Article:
US Pharm. 2015;40(7):26.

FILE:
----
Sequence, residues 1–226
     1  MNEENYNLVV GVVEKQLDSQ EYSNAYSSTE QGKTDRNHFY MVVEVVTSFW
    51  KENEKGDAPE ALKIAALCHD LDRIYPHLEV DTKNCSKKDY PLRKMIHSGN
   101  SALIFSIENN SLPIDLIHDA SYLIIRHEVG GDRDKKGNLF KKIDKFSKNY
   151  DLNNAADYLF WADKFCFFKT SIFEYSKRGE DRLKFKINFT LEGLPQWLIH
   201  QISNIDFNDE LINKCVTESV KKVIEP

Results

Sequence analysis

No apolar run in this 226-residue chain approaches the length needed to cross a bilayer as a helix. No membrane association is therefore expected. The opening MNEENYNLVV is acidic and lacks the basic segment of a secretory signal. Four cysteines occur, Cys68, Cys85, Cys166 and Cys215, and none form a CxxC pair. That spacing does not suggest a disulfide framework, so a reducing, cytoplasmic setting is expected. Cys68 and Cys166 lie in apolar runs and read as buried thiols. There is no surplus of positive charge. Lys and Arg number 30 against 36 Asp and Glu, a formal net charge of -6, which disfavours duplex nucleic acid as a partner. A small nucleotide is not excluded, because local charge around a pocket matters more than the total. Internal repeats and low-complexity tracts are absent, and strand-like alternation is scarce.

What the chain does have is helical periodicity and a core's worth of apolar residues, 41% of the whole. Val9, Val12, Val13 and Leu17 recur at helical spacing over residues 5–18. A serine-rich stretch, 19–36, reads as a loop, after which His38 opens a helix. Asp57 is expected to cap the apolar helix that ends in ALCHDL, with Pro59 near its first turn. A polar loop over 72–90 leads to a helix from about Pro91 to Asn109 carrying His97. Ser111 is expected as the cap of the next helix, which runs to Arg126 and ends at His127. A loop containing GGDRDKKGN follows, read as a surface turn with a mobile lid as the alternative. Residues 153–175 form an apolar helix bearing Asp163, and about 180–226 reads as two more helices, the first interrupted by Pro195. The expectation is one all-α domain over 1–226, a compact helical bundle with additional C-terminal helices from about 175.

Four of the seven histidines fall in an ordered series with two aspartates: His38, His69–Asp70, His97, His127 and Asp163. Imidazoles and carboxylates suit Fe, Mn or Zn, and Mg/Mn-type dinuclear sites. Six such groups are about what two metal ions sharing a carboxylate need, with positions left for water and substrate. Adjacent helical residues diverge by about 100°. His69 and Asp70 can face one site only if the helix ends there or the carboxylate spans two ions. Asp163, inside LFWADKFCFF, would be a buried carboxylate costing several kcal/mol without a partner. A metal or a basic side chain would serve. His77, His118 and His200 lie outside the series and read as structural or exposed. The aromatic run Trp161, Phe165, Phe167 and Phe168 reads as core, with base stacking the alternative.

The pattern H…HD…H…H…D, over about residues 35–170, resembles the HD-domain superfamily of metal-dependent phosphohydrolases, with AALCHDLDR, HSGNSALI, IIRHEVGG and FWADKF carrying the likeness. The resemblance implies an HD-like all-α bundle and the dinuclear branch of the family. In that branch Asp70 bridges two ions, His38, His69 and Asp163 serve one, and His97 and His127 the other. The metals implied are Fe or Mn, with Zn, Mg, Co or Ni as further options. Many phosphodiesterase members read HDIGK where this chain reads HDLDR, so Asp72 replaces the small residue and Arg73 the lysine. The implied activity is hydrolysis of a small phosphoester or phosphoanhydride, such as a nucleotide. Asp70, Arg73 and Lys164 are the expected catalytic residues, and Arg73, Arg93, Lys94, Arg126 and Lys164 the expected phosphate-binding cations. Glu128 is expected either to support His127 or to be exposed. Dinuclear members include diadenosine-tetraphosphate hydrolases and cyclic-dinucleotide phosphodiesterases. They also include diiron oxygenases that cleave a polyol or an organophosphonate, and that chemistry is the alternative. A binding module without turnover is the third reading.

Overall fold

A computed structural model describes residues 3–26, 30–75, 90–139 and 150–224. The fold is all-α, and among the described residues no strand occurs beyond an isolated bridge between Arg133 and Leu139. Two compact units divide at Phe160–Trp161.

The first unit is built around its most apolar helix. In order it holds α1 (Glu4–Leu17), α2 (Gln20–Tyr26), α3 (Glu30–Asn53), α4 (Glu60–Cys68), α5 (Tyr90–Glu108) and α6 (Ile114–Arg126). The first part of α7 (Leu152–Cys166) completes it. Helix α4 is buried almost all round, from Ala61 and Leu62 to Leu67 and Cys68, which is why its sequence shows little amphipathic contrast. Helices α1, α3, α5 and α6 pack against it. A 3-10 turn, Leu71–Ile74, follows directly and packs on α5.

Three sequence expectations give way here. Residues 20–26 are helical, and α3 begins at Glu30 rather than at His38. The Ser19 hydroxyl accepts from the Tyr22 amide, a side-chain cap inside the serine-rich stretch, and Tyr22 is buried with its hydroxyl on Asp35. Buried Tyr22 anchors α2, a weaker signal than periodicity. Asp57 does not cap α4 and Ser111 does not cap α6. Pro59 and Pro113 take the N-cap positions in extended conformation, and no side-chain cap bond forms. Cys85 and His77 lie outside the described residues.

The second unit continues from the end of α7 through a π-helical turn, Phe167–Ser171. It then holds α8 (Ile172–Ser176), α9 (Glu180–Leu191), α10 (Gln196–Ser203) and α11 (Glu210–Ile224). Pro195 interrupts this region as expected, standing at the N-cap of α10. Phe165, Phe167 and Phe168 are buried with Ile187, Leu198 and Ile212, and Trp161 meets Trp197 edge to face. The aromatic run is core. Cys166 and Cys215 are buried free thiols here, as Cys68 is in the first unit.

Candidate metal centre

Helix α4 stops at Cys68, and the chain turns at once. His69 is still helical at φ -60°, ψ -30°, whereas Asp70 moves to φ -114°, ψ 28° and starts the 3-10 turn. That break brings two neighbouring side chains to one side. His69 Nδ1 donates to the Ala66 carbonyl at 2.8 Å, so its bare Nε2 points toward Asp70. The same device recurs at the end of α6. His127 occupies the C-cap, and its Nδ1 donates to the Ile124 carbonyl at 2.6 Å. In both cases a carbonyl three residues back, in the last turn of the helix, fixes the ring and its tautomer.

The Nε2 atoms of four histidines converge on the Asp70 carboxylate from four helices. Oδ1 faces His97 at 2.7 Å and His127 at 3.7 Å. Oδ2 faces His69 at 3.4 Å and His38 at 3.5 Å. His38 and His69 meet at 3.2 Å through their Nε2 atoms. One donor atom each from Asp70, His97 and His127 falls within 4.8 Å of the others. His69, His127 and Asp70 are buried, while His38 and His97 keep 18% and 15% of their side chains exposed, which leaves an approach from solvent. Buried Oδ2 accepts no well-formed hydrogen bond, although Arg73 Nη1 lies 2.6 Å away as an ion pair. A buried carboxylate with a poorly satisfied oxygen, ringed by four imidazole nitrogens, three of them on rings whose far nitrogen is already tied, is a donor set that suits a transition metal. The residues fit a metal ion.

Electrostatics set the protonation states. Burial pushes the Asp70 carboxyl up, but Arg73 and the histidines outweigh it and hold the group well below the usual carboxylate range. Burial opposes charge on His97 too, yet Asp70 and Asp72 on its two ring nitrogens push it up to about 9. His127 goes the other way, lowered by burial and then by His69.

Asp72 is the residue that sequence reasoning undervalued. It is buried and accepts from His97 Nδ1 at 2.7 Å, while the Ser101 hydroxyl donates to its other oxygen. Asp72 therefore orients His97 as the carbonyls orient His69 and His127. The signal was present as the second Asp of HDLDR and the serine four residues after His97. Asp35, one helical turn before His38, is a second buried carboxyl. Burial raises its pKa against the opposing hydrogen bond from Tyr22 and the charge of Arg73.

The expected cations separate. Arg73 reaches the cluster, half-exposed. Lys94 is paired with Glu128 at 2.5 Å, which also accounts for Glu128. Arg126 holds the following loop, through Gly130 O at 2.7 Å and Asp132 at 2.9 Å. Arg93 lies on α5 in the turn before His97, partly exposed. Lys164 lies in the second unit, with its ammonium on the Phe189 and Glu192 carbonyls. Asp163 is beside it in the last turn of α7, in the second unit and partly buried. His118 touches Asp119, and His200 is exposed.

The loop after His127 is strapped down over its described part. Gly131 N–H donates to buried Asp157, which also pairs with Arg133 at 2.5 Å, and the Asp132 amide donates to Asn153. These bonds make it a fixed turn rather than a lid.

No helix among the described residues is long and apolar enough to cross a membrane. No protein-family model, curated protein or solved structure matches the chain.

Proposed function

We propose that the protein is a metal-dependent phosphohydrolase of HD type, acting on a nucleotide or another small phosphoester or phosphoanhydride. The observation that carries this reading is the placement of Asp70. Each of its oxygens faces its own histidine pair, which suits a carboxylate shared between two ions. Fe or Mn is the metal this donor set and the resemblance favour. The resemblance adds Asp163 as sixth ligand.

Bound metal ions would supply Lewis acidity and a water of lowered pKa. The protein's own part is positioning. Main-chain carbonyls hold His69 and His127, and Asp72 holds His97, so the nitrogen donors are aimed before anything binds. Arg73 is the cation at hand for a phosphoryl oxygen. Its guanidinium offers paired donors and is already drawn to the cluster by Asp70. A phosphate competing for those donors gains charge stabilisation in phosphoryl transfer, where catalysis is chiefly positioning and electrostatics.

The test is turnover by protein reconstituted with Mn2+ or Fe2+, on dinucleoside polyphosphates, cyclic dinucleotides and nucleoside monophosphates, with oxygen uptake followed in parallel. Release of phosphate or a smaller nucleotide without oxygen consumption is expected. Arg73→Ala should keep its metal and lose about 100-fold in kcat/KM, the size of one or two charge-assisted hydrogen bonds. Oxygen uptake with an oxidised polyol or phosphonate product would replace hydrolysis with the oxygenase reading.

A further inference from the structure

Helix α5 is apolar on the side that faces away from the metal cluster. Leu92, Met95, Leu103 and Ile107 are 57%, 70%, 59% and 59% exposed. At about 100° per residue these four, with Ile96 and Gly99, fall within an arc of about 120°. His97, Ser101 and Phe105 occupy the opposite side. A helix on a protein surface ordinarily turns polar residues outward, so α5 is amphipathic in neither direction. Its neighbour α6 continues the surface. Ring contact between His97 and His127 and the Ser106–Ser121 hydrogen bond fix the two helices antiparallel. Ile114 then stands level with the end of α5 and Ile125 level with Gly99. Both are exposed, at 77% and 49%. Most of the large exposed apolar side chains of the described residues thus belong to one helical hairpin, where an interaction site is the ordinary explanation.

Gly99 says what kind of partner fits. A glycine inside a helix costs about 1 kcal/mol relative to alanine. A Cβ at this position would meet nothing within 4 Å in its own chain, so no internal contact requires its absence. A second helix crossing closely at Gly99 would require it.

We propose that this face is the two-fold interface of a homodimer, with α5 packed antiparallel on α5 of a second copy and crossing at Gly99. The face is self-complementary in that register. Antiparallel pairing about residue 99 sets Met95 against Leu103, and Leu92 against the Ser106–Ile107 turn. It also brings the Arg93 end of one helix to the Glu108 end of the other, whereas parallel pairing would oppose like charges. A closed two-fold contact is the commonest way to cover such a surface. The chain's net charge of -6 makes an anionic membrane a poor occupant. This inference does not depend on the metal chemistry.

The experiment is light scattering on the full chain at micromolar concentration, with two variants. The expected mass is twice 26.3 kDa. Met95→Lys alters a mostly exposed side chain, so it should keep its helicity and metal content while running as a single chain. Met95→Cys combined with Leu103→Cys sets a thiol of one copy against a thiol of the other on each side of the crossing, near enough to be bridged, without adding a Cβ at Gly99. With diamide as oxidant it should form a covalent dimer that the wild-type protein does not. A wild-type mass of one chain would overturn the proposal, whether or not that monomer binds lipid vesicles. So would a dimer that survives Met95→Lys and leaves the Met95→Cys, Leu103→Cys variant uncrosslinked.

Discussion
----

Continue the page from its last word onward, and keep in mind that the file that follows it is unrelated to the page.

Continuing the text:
Santa Fe, NM—The dramatic resurgence in whooping cough is attributed to the waning effectiveness of the current vaccine and growing antivaccine sentiment, but a new study by the Santa Fe Institute (SFI) suggests that the phenomenon is due largely to vaccinated people who are infectious but asymptomatic. In fact, the number of asymptomatic people who transmit whooping cough may be many times greater than the number of symptomatic persons who transmit it. SFI researchers, building on a recent study’s finding that the pertussis vaccines introduced in the 1990s failed to block transmission, used CDC data, genomic data on pertussis bacteria, and a detailed epidemiologic model to determine that acellular vaccines may have contributed to or exacerbated the outbreak by allowing asymptomatic individuals to unknowingly spread pertussis multiple times.

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